woman artisan weaving fabric in India

Woman artisan weaves fabric for Sevya’s fair trade stuffed animals

Fair trade is a social movement that ensures one very simple thing: that producers and workers are paid fair prices for their product and labor. The movement strives to dispel the current air of the commercial market system, where profits are divided between numerous intermediaries. With fair trade, producers are prepaid for their services, and prices and payment terms are determined by an assessment of all economic, social and environmental factors, not simply by current market conditions. In addition to fair wages, sellers commit to a long-term trading partnership, as opposed to anonymous labor for an indeterminate period of time.

micro-finance with women in India

Women’s micro-finance group in India

The fair trade movement invests not only in the monetary well-being of workers, but the well-being of their communities as well. Fair trade devotes time and money in social programs to help improve the conditions of workers in developing countries, through education, health care, fighting poverty, improving the lives of women and children, and building a sustainable business while providing viable and marketable skills.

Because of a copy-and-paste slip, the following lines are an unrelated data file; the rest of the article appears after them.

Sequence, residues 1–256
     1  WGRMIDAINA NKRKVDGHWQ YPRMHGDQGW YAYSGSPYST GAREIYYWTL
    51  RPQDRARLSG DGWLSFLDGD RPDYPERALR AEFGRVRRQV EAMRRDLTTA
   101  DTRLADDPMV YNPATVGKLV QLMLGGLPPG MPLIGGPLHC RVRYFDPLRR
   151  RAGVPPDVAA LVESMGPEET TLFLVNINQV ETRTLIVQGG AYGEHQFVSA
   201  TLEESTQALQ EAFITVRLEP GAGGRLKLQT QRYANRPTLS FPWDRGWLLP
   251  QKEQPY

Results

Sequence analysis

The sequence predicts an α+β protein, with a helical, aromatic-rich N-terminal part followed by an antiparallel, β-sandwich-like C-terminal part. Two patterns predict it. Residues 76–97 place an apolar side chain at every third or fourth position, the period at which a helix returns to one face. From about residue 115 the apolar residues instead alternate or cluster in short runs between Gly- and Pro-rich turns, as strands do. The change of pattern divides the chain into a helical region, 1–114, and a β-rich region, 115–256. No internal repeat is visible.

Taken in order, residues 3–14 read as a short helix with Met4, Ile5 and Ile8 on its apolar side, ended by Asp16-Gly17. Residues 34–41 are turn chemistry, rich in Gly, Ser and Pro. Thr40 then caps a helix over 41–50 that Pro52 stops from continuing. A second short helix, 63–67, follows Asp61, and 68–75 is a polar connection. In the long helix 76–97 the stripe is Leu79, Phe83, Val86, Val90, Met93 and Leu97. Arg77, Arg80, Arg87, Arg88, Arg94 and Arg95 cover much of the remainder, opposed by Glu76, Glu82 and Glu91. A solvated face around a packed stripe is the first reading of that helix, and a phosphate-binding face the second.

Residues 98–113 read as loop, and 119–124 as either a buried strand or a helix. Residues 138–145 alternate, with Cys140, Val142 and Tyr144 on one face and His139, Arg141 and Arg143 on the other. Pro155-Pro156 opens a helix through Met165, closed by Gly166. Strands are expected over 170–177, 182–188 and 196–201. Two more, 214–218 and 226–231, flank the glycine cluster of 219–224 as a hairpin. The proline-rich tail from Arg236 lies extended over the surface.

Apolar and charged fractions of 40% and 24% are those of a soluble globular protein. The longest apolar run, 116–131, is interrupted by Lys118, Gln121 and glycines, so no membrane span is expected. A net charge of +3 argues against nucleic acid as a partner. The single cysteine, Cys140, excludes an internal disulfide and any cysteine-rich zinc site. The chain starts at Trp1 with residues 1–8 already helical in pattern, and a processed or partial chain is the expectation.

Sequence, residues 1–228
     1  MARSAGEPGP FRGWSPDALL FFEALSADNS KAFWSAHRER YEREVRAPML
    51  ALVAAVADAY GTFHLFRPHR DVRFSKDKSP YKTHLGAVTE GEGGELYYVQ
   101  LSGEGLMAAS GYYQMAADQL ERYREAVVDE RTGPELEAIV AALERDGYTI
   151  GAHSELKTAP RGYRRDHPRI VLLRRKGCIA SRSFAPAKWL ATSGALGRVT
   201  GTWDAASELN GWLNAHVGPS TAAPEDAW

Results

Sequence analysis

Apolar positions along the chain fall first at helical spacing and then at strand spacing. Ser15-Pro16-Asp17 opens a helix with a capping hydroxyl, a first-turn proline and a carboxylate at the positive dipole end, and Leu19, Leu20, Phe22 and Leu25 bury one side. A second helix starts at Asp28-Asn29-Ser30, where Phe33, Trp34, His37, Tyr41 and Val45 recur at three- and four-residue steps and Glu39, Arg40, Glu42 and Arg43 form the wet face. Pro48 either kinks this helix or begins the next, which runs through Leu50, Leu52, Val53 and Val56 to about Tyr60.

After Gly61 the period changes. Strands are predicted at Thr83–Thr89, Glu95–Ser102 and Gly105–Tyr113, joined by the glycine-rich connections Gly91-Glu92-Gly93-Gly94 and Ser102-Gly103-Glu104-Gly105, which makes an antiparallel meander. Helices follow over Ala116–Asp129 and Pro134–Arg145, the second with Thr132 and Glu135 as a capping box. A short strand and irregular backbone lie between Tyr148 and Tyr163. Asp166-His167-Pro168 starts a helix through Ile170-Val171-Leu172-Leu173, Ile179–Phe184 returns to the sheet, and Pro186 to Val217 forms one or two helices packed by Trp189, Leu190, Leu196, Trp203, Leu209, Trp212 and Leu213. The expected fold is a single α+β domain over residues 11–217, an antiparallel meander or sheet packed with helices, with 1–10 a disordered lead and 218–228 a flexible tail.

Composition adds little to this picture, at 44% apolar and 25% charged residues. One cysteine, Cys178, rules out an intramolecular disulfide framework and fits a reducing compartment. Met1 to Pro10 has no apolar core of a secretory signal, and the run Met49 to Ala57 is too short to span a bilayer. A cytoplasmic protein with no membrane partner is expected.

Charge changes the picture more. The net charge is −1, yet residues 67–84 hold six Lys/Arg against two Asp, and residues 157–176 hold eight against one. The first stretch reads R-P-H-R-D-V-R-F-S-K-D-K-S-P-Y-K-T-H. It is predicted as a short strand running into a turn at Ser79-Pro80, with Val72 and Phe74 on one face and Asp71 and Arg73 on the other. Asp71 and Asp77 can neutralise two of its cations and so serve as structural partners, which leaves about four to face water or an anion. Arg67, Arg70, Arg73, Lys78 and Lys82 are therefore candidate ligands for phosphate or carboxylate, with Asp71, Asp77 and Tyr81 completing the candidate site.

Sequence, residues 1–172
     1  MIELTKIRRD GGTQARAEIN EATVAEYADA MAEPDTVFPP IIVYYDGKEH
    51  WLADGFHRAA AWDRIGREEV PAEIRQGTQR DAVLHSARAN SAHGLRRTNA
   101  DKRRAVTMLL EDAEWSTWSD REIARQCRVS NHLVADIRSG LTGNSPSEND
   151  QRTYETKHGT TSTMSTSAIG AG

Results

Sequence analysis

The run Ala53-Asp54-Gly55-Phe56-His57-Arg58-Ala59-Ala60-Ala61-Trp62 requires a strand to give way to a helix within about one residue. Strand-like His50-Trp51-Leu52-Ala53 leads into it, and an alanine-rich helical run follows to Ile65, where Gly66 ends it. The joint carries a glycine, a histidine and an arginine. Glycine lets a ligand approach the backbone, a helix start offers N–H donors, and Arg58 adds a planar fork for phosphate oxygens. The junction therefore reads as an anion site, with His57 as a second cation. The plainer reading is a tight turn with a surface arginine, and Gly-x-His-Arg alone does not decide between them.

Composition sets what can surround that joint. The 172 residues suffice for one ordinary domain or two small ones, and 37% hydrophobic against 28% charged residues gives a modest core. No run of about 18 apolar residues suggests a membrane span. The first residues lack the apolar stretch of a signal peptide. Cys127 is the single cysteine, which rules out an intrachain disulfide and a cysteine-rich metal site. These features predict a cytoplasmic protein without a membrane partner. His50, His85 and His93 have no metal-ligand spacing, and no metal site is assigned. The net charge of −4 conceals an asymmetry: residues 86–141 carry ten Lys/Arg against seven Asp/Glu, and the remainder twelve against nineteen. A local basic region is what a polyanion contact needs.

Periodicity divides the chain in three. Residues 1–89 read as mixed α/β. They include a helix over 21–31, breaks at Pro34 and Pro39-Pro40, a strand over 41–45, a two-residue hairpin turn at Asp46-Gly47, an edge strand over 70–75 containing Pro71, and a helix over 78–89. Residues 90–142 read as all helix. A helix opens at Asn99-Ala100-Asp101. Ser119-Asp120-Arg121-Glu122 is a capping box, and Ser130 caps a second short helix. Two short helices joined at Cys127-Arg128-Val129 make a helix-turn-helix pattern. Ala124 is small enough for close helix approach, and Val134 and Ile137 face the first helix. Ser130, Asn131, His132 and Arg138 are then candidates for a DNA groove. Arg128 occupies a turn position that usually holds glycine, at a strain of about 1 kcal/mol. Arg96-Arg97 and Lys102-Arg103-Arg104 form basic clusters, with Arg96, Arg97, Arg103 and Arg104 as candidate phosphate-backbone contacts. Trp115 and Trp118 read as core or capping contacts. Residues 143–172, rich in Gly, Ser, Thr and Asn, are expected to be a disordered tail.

Sevya works with cooperatives and non-profit organizations throughout India to keep artisan traditions alive and sustainable. We are also dedicated to using organic natural dyes, helping to reduce the impact of chemical byproducts in the environment, as well as using ethically produced materials.

Fair trade blue cotton tunic

Sevya’s Asanga blue tunic is a bestseller

Our fair trade clothing, accessories and home furnishings are all handmade, using traditional crafts of block-printing, tie-dye, handloom and embroidery. Sevya’s products use 100% natural cotton, silk and wool, and incorporate artistic traditions that stem from indigenous cultures.

By buying retail and wholesale fair trade products, you help to:

  • Preserve Indigenous Cultures
  • Support Traditional Artisan Communities
  • Invest in Community-Based Development Programs
  • Safeguard Natural Resources
  • Protect the Earth from Exploitation & Pollution
Fair trade silk infinity scarf

Sevya’s Kalinda copper silk infinity scarf

Each purchase of a fair trade product directly benefits the producers and their communities, and contributes towards making the global economy more equitable and sustainable.